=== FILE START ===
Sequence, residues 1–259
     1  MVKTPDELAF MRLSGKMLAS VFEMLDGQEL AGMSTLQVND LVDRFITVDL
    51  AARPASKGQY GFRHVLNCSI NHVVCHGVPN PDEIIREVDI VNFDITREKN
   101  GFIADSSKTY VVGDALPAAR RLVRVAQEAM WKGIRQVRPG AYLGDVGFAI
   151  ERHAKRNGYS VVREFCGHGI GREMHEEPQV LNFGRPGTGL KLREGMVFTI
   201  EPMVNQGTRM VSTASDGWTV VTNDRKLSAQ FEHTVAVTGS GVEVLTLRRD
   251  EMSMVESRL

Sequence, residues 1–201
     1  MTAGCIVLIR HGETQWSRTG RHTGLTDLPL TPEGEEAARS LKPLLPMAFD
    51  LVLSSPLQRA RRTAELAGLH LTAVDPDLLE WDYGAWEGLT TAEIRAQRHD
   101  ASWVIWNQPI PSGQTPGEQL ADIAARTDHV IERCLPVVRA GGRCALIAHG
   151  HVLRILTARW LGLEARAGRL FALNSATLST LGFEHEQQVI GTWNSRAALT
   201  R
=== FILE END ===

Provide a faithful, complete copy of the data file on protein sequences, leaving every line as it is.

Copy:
Sequence, residues 1–259
     1  MVKTPDELAF MRLSGKMLAS VFEMLDGQEL AGMSTLQVND LVDRFITVDL
    51  AARPASKGQY GFRHVLNCSI NHVVCHGVPN PDEIIREVDI VNFDITREKN
   101  GFIADSSKTY VVGDALPAAR RLVRVAQEAM WKGIRQVRPG AYLGDVGFAI
   151  ERHAKRNGYS VVREFCGHGI GREMHEEPQV LNFGRPGTGL KLREGMVFTI
   201  EPMVNQGTRM VSTASDGWTV VTNDRKLSAQ FEHTVAVTGS GVEVLTLRRD
   251  EMSMVESRL

Sequence, residues 1–201
     1  MTAGCIVLIR HGETQWSRTG RHTGLTDLPL TPEGEEAARS LKPLLPMAFD
    51  LVLSSPLQRA RRTAELAGLH LTAVDPDLLE WDYGAWEGLT TAEIRAQRHD
   101  ASWVIWNQPI PSGQTPGEQL ADIAARTDHV IERCLPVVRA GGRCALIAHG
   151  HVLRILTARW LGLEARAGRL FALNSATLST LGFEHEQQVI GTWNSRAALT
   201  R